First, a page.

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|The education of refugees in emergencies or protracted situations is a challenging task for many of the hosting countries, which often struggle to provide relief and ensure access to basic needs such as shelter, food and health. Access to education is often among the priorities of hosting countries, however it embodies within it particularities that deserve a key focus. Striking a balance between the need to integrate refugees into host countries whilst at the same time maintaining their specific culture, identity and language in the education process has often proven to be quite a difficult task and an issue that is often overlooked. Two main approaches to the education of refugees are often observed. The first is focused on their social, urban and economic integration, whilst the second considers them as temporary guests in a state of emergency who would return back shortly to their home countries. In the latter case, the education provisions often overlook the socio-economic outcomes and effects for the refugees on the job market. Lebanon adopts a rather paradoxical approach to education of the refugees. It insists on teaching only the Lebanese national curriculum as the only certified curriculum resulting in the acculturation of whole generations. At the same time, it applies various forms of restrictions on the integration of the refugees in the economic, social and political life. |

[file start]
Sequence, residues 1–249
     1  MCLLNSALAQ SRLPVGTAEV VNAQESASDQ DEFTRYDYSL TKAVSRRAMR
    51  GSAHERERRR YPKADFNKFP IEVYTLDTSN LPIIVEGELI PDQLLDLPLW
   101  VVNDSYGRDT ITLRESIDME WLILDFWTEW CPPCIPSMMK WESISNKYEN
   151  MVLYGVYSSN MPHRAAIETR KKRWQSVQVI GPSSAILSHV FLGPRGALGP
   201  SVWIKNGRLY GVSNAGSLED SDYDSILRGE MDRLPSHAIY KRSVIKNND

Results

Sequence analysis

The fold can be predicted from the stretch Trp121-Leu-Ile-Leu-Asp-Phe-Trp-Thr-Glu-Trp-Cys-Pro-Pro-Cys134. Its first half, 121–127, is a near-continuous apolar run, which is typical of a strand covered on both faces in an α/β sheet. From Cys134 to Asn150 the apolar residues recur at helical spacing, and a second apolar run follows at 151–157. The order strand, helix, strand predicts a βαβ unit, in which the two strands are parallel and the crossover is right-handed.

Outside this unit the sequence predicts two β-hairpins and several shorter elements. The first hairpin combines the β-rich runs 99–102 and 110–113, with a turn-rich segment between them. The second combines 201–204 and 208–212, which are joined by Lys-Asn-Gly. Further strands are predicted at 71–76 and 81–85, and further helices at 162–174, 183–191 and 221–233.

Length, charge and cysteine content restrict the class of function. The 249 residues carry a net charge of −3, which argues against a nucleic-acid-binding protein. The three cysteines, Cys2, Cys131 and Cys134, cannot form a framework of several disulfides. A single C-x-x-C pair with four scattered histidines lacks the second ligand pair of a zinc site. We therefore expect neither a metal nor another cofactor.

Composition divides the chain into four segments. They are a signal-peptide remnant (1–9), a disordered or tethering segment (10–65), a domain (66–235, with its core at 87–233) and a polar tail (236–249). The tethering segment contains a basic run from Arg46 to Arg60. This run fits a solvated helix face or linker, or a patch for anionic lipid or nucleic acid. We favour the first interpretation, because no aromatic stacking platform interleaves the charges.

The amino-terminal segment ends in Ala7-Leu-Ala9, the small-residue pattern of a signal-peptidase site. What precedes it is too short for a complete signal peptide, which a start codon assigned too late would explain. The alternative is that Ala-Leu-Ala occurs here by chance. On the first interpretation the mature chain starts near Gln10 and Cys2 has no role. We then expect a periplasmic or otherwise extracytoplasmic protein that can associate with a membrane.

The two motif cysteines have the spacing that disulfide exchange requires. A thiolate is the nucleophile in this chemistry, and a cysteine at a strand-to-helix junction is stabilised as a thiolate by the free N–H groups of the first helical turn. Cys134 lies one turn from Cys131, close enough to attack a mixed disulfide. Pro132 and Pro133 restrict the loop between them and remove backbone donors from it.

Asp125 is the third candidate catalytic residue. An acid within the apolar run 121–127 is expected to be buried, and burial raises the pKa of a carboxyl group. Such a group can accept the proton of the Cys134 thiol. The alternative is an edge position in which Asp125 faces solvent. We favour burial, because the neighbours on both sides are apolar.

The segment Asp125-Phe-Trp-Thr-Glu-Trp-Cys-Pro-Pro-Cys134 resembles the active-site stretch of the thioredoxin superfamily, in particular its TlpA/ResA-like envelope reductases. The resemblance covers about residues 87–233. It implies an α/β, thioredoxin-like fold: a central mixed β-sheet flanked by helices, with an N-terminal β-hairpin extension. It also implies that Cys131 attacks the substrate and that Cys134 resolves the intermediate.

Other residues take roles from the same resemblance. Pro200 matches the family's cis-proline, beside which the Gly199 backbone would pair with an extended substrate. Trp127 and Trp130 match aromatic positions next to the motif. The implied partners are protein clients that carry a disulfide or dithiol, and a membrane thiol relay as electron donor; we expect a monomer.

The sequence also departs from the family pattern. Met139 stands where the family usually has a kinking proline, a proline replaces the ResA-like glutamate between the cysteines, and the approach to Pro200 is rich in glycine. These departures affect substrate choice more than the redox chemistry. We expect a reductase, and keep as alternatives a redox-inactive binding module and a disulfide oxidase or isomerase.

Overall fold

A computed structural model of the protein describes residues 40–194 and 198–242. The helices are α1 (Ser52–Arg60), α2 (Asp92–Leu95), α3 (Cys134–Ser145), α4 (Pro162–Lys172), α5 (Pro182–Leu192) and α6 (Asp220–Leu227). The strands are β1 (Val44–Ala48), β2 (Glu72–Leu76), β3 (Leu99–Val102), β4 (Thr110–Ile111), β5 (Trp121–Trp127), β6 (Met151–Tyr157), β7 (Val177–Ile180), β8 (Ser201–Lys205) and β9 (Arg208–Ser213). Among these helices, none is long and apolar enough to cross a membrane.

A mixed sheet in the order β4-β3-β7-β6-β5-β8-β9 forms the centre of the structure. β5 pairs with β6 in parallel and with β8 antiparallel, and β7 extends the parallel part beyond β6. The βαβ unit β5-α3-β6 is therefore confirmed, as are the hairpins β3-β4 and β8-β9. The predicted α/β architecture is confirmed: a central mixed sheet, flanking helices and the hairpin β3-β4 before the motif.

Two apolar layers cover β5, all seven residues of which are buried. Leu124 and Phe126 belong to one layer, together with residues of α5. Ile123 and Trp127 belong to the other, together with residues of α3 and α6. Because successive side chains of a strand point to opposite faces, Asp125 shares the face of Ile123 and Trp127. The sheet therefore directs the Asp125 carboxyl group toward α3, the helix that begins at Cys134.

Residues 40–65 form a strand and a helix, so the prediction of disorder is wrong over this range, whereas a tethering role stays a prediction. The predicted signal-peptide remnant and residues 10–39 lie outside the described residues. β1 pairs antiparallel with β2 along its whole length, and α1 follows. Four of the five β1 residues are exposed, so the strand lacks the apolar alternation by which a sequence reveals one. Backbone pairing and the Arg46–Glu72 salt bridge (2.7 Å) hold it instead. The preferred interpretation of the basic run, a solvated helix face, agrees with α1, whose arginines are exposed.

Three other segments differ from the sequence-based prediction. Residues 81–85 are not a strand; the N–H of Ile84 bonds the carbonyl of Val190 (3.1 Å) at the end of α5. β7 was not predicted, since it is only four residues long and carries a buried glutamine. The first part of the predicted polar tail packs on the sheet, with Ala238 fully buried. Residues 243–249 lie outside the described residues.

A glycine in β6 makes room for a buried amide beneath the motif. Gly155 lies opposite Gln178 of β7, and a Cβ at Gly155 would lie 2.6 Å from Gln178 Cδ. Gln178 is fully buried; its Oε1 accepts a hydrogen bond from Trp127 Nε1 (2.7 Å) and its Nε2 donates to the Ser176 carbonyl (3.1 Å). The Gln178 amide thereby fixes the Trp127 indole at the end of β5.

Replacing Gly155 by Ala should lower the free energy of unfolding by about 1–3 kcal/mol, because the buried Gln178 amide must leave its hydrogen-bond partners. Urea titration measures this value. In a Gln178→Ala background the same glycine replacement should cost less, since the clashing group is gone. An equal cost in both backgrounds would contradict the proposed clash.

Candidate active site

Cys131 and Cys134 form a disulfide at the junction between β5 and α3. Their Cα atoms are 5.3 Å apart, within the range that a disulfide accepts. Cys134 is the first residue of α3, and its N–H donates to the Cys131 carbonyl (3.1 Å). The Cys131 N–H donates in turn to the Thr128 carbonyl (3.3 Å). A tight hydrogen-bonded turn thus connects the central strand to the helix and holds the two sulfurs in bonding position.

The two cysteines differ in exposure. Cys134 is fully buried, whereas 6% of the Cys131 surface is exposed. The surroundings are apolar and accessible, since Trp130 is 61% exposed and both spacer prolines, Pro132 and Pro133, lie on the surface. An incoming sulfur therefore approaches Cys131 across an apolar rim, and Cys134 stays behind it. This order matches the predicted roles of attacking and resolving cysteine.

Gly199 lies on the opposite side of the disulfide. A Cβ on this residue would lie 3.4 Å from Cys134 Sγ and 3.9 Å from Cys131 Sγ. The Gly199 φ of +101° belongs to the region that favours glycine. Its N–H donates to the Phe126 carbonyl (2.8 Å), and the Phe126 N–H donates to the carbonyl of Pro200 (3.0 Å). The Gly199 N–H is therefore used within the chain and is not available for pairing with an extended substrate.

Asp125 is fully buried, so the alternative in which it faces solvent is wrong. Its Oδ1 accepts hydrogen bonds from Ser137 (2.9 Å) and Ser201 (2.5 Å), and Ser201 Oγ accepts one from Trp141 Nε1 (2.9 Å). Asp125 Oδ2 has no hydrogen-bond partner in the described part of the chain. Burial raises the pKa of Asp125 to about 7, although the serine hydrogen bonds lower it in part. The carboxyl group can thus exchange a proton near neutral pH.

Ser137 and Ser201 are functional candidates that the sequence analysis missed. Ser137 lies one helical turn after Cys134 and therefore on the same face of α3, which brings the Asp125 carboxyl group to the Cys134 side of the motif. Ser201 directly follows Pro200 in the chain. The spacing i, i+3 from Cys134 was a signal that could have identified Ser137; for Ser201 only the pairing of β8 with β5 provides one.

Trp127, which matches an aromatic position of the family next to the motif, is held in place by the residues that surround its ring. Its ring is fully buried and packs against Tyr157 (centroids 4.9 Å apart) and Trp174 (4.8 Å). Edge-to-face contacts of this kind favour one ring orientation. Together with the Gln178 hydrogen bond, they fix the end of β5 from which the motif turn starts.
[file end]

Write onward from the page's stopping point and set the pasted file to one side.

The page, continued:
For more than 65 years, Palestinian refugees have been living in Lebanon in a ‘temporary’ state in over-crowded camps, deprived of basic rights such as the right to have a professional job while being forced to learn the Lebanese national curriculum. It has been argued that these restrictions have had a major effect on the fair provision and quality of education, an effect manifested in the increasing number of Palestinian students who are dropping out of school. This paper examines the paradoxical approach adopted in Lebanon in hosting the Palestinian refugees which is described as inclusive exclusion. This approach resulted in low education attainment for a large number of the student population. The same approach is currently being adopted almost 70 years later with the Syrian refugee population and Palestinians fleeing Syria. While the paper is focused on access and quality of education at UNRWA schools in Lebanon which hosts the majority of Palestinian refugees children in Lebanon, it compares this approach to the one being currently adopted for the Syrian refugees children in Lebanon.